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April 16, 2023

The P.J. Tucker we've been waiting for finally arrived for Sixers in Game 1

All season long, Philadelphia's brain trust and best players have been pushing away questions about P.J. Tucker's performance, noting that the veteran forward is more valuable than most people seem to realize. Appreciate his defense, they said. Just wait for the playoffs, they said. In the meantime, we had to ponder whether Tucker even deserved to play late in games, with Doc Rivers often stapling him to the bench in second halves.

It only took one game of playoff basketball for those season-long reassurances to look prophetic. Oh year, that's the guy they thought was worth $10+ million a year in his late 30s.

"That's what we brought him here for," James Harden said Saturday. "The extra possessions, shot-making in the corners, his defense, that's the reason why he's on our team, you know what I mean?"

Tucker was all over the stat sheet despite taking only six shots in the Game 1 win — six points, seven rebounds (five offensive), two assists, and five steals across 25 minutes of action. So often, we've had to try to oversell what Tucker brings beyond the box score, but someone could have skipped the game entirely and figured out how good Tucker was in this one.

Much of Tucker's success in Saturday's Game 1 was a result of Brooklyn's strategy to slow down Joel Embiid. With a small frontline and little hope to stop him otherwise, Brooklyn essentially auto-doubled Embiid all night long, barely allowing him to catch passes before swarming him at either elbow. Though doubles can still disrupt Embiid and the Sixers from time to time, Brooklyn's style of instant pressure only seemed to simplify things for a guy who has seen double coverage for most of the last three seasons.

Committing bodies toward Embiid in the middle of the floor comes with a cost elsewhere, as Tucker noted himself following Saturday's game. 

"If they're going to double, the glass is open," Tucker told reporters in the locker room on Saturday. "You got to be aggressive. That's one of the faults of doubling, not being able to rebound out of it... so getting those extra possessions, it's going to be games where we're going to need them when we're not scoring as well. Getting extra shots at the basket changes the game."

It certainly changed the game on Saturday. Brooklyn turned in one of the best shooting performances in a loss in playoff history, making nearly 56 percent of their shots and almost 45 percent of their threes. The Sixers had a big night from deep of their own, but the largest discrepancy between the two teams was the gap in possessions. Philadelphia got 19 more shot attempts up than Brooklyn did by winning the offensive rebound (14-5) and turnover (19-8) battles by large margins.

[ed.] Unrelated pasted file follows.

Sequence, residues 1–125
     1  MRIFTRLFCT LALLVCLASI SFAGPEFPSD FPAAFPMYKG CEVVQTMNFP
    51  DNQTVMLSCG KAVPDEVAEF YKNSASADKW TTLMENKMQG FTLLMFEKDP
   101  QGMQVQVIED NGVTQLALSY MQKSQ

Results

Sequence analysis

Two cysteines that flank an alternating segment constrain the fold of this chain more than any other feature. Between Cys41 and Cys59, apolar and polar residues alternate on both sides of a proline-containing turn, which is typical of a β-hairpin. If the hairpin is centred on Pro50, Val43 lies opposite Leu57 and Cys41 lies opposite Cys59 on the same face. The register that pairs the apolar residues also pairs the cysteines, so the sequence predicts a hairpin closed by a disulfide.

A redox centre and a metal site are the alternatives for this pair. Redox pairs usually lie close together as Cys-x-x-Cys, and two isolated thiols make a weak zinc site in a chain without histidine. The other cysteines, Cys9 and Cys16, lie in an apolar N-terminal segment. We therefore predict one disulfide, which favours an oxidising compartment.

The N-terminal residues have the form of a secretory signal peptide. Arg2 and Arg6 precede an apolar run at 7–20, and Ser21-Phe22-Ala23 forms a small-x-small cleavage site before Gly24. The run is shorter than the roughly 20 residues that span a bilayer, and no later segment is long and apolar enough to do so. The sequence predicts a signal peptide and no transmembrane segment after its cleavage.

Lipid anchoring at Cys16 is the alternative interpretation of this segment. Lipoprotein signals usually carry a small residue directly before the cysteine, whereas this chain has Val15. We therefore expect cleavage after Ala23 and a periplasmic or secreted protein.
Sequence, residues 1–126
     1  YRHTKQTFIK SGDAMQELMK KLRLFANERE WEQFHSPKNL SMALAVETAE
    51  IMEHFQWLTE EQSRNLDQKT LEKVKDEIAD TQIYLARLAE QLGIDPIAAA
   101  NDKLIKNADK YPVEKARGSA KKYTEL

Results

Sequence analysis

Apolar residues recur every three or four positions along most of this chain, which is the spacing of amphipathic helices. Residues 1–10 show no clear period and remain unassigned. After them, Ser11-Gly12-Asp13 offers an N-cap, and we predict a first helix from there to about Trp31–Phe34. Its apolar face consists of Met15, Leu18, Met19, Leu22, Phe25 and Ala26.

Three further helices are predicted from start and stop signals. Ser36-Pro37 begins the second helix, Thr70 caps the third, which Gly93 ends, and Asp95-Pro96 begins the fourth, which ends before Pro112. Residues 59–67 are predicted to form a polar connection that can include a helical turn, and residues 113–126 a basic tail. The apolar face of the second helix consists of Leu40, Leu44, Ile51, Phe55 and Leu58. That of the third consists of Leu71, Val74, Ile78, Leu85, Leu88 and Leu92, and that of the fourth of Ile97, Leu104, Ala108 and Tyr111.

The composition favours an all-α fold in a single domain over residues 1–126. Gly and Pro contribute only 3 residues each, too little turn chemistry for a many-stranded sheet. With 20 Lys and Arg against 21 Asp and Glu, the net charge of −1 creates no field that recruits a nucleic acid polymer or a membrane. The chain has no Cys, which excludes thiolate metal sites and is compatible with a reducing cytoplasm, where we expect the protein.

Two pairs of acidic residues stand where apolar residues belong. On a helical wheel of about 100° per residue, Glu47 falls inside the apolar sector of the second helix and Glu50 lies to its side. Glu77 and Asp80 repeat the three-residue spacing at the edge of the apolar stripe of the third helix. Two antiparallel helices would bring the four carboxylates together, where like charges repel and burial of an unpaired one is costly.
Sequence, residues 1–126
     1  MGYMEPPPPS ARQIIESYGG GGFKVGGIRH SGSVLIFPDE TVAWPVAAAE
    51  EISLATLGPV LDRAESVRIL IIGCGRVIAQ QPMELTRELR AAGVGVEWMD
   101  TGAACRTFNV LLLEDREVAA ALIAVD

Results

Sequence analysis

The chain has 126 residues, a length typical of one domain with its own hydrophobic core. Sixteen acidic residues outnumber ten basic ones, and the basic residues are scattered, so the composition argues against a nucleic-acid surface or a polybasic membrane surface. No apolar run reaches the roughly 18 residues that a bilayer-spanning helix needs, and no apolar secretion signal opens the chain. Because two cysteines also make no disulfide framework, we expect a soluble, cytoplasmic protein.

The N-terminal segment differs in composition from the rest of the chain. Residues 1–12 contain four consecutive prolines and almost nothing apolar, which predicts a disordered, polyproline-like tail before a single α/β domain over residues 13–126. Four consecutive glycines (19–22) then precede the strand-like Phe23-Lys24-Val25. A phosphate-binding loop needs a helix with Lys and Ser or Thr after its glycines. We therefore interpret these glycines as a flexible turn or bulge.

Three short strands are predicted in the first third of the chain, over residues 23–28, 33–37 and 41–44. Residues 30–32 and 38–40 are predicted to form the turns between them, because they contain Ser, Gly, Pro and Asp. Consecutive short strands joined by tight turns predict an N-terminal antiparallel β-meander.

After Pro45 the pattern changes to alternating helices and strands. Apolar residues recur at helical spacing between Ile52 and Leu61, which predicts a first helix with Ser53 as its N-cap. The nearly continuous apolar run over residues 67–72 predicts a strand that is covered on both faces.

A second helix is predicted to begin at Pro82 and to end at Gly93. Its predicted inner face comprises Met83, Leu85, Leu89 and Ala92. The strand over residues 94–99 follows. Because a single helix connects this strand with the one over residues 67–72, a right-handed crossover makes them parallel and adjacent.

While Tucker credited doubles on Embiid for part of his success — and I'm not inclined to argue with the guy who has made a living out of doing this stuff — some of the extra possessions he created were about nothing more than willpower. We're used to seeing the Sixers stand around and get beaten to balls by younger, hungrier teams on the offensive glass, but Tucker helped to flip the script on Saturday afternoon, piercing weak Nets box-outs like a hot knife through butter.

The Sixers had a front-row seat to the Tucker experience last May, when the veteran forward was killing them as the enemy for the Miami Heat. Tucker's play inspired a very pointed rant from Embiid in the aftermath of that second-round loss, and Embiid's desire to get Tucker on the roster played a huge role in signing him. Creating those second chances is valuable enough on its own, but just as valuable is the soul-crushing effect it has on your opponent when someone like Tucker is flying around, popping up when you least expect it to ruin your day.

Tucker's relentlessness in the locker room is another critical piece of his value to the Sixers. Coaches on the Sixers' staff were careful to note throughout the regular season that they couldn't rely on Tucker's voice too much, as it would risk teammates tuning him out and not grasping his message when it mattered most. But his tell-it-like-it-is approach has clearly worked for a team that has lacked accountability in the recent past.

One target of his scorn on Saturday was Paul Reed, who excelled in the backup role behind Embiid that he has made his own down the stretch. The Sixers had won Reed's minutes in the first half, which many around Philadelphia would have taken and run with, but the veteran forward was not satisfied with his effort and told him as much at halftime.

"I cussed Paul Reed out at halftime. I felt like he didn't have the energy," Tucker said. "He wasn't being there on time and doing a lot of things, and he came on in the second half and responded. So I told everybody 'I'll curse Paul out every halftime' because he got a lot of rebounds. His energy was good. He was in help, he had good switches, finishes, he was just night and day. We need him and I'm always staying on him because we really need him."

Reed's second-half minutes, naturally, were one of the stories of the game. Philadelphia effectively put the game to rest with a Reed shift to open the fourth quarter, with Reed scoring a quick seven points and pulling down a pair of offensive rebounds that must have made Tucker proud. 

Looking at this series from 1000 yards up, it doesn't look like a matchup where Tucker should be expected to have an outsized influence. Brooklyn is young, long, and athletic, ostensibly able to prevent Tucker from making the hustle plays that swing games and have defined his career.

But perhaps that's why those plays have defined his career. The Sixers told us they were never worried about what Tucker had to offer in these moments. Perhaps we all should have listened.

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